1. We authorized the spend of approximately $70K to improve pedestrian safety near our schools. These funds will cover improved striping and interactive stop signs near Mt. Diablo Elementary, interactive stop signs in one intersection downtown, and making the intersection outside of Diablo View Middle an all ways pedestrian scramble. The pedestrian scramble was specifically requested by Principal Bannister when I met with her on this issue back in April of 2019.
The catalyst for making some of these changes was a vehicle/pedestrian incident back in March 2019. When we got report of this incident, I quickly asked my fellow councilmembers what we could or should do in response. I sought to have this item be discussed as an agenda item so we could take public comment, solicit feedback, and take action if necessary. I made appointments with each of the two school principals and discussed what ideas they had regarding improved student safety. I continued this discussion for the following year, each time seeking input from our school principals as the matter came back for discussion before Council.
There will be further investigation around the possibility of having interactive 'prepare to stop' signs in both directions outside the middle school as well. These could greatly assist in preparing drivers to stop when the light is about to turn red. It will take time to investigate if this is technologically feasible and we would expect to hear back in a couple of months. The other improvement items above will move forward and hopefully be complete before the beginning of the upcoming school year.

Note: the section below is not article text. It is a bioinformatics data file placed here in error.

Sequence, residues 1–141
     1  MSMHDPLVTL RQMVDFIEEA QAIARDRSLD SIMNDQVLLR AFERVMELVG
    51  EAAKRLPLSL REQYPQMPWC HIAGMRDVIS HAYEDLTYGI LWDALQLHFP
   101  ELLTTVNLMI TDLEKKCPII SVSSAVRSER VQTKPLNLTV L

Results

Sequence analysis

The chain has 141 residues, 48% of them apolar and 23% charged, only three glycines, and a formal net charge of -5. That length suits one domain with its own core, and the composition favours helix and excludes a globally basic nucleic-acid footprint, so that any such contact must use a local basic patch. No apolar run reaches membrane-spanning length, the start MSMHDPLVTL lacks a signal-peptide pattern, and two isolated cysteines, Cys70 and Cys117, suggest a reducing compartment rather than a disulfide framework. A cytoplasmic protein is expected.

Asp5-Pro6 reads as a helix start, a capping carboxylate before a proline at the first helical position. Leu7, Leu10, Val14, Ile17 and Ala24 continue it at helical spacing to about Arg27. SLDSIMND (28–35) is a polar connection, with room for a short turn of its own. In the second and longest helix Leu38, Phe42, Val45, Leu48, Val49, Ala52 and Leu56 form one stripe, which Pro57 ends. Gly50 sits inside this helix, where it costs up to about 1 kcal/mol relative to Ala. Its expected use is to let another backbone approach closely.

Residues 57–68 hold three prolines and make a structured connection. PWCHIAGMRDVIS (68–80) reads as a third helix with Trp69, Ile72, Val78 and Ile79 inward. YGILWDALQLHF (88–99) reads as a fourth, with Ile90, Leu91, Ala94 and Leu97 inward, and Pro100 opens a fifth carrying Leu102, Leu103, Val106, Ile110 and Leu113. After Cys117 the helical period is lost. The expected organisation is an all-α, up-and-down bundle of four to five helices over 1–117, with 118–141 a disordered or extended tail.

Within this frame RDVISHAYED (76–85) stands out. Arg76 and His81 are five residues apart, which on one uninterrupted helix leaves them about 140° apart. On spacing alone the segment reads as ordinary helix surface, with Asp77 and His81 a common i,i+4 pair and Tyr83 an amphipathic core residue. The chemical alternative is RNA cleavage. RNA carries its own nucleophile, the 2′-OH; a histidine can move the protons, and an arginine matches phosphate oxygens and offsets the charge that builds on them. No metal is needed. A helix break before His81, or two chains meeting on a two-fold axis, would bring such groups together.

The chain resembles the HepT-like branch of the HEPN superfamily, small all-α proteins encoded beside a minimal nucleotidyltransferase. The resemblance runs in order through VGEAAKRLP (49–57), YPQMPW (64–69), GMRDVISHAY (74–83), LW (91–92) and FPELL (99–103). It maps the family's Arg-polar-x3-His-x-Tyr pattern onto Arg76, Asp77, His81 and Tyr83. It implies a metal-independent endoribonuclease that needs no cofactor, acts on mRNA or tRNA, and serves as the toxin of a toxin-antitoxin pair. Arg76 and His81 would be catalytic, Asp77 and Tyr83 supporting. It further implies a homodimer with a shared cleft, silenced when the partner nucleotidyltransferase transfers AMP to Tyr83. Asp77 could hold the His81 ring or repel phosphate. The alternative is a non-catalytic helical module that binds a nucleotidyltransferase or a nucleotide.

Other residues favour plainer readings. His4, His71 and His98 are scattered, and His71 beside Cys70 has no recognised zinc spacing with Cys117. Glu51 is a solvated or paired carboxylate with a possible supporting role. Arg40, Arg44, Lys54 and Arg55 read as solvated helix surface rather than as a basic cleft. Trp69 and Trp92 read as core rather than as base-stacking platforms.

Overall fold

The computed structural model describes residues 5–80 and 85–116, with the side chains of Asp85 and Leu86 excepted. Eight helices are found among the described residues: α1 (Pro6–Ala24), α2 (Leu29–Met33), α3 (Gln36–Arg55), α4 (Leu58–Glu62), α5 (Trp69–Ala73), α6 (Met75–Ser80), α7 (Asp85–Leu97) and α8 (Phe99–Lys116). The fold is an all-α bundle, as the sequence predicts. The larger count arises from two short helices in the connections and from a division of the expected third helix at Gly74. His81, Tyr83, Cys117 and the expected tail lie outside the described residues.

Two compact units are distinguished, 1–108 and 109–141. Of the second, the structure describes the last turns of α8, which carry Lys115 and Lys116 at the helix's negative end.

Separate but related to the above, - I made an argument in favor of funding the elementary school crossing guard at the corner of Mt. Zion. This year, the Parent Faculty Club (PFC) donated funds sufficient to cover the cost of this crossing guard. In discussion with both the current and past PFC presidents, this was of great value to the young students and parents. I would like to see the crossing guard continue, and made the point that the City, rather than parent donations, should be responsible for funding this service. Ultimately pedestrian safety on our public streets is the responsibility of the city and it is more appropriate that this cost be borne by the city. I'm hopeful that my fellow councilmembers will feel similarly when this item is part of a larger budget discussion.
2. The other item the Council took action on was to authorize the sending of a letter regarding a scoping discussion of the proposed reclamation plan amendment for the CEMEX quarry. Contra Costa County is the ultimate decision maker here, but we may have some influence as Clayton is most impacted by the operations of the quarry. This topic of this particular comment period was rather limited - it's designed to focus only on what the scope of the review the County should engage in with regard to the proposed reclamation plan amendment.
Even with that narrow focus, I thought it important to give voice to many residents' concerns who live in the area - that relocating the ingress/egress points closer to their homes is detrimental to Clayton residents, that the proposed change in reclamation is not good for the city in that it leaves a gaping pit to be filled in with water over 50 years, and that more action needs to be taken in regard to mitigating dust that is generated by quarry operations.
Council agreed and there will be some minor modifications in that spirit before it is sent within the next week- it won't come back to Council to review since the deadline for the filing period is prior to our next meeting but the letter will be submitted within the comment period.